EPI report points to excessive internet use by teenagers

According to a new report into social media and children’s mental health, more than a third of 15 year olds are ‘extreme internet users’

Based on the Education Policy Institute’s report ‘Social media and children’s mental health’ nearly 38% of 15-year-olds in the UK spend more than six hours on the internet, in addition to time spent on the web in school. The finding places the UK second only to Chile in Organisation for Economic Co-operation and Development (OECD) rankings for levels of ‘extreme internet use.’

Social media statistics

The report focused on how young people use social media, alongside its positive features, as well as assessing the mental health dangers and risks associated with such platforms. Based on research from separate sources including the OECD and the Office for National Statistics (ONS), the report reveals:

  • Ninety five per cent of 15 year olds in the UK used social media before or after school in 2015
  • Eleven per cent of UK 10 to 15 year old girls and five per cent of boys spent over three hours on social media on a normal school day in 2012-13
  • Nearly a third (27.6%) of young people in the UK were 6 years old or younger when they first used the internet
  • In 2014, over half (56%) of UK 9 to 16 year olds used smart-phone on a daily basis

Referring to the OECD’s PISA Wellbeing study, the report points out that ‘extreme internet users’ were ‘more likely to report bullying than moderate internet users.’ Nearly 18% belonging to the extreme internet category had said “other students spread nasty rumours about me” compared to less than seven per cent of moderate internet users.

Mental health matters

Looking specifically at issues of mental health and time spent on social media, author Emily Firth points out that 12% of children who don’t use social media during school days experience mental ill health, this compares to 27% who are on such sites ‘for three or more hours a day.’ She suggests however that such findings should be considered ‘indicators of association’ rather than reflecting a cause and effect relationship, “This may be a sign that young people are using the internet as a coping mechanism when they experience difficulties at school,” the report says. “Equally, it could be the case that excessive internet use is preventing these young people from developing stronger relationships offline.”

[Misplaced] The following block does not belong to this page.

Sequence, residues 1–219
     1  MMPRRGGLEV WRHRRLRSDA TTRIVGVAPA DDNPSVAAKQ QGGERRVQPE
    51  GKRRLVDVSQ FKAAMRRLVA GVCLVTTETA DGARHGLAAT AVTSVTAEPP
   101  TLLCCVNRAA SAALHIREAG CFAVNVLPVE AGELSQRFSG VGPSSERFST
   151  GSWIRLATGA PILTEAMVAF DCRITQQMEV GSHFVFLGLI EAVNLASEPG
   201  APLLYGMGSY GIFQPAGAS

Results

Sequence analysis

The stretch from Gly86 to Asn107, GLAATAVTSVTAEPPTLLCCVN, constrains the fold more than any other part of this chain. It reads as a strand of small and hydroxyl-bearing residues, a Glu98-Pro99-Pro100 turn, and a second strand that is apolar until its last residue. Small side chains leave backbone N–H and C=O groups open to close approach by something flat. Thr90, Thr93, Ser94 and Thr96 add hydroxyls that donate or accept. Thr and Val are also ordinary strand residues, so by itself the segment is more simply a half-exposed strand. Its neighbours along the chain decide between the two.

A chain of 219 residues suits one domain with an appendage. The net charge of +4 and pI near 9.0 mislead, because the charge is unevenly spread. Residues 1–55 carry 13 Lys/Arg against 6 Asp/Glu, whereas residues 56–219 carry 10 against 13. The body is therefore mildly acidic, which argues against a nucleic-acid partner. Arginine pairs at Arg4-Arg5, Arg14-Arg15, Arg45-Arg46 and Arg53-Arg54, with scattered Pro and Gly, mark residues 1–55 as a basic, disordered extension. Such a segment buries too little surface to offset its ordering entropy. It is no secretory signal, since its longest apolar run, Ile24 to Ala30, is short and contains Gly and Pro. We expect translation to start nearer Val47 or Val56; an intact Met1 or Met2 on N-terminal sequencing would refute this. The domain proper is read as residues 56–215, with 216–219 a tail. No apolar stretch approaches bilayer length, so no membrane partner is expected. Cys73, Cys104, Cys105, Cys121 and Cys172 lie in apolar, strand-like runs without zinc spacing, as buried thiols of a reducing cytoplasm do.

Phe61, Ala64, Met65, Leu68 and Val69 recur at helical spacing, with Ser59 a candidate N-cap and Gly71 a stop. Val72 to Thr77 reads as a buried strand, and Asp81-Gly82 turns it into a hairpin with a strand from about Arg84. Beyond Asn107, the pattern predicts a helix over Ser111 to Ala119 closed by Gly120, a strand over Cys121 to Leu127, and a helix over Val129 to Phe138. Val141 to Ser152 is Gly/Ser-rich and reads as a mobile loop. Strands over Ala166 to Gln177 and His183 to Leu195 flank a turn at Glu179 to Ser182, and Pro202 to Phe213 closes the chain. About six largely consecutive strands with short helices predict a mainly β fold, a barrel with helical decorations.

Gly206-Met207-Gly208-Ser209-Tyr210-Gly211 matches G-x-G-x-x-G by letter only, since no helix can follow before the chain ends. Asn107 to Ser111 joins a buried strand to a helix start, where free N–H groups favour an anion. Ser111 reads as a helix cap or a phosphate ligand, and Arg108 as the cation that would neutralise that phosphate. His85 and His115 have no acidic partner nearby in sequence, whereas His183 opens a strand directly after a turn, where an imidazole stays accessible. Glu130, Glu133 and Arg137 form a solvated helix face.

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Detailing evidence from a past NSPCC study, the report mentions that only one in five children who were ‘upset’ by something they had viewed online, had approached someone to speak with them ‘face to face’ about it. The report also suggests that – based on previous studies – it can be concluded that the age at which young people are accessing the internet is earlier than in previous years, ‘This trend is happening earlier in the UK than in comparable countries,” it says.

Providing safe access for students

Commenting on the report Russell Hobby, general secretary of school leaders’ union NAHT said: “This report clearly shows the challenges that policy-makers, school leaders and parents face in ensuring the online space is safe for children to use. With internet usage above the OECD average, children in the UK face more of the challenges that using social media can bring.

“It is important that schools can provide students with safe access to the internet for learning.  The benefits of easy access for pupils are clear – but so are the dangers.  The responsibilities on teachers and schools leaders in this area are huge, and it is a duty schools take very seriously. To secure this, we have consistently called for greater training and support for teachers to be able to keep pace with technological change.

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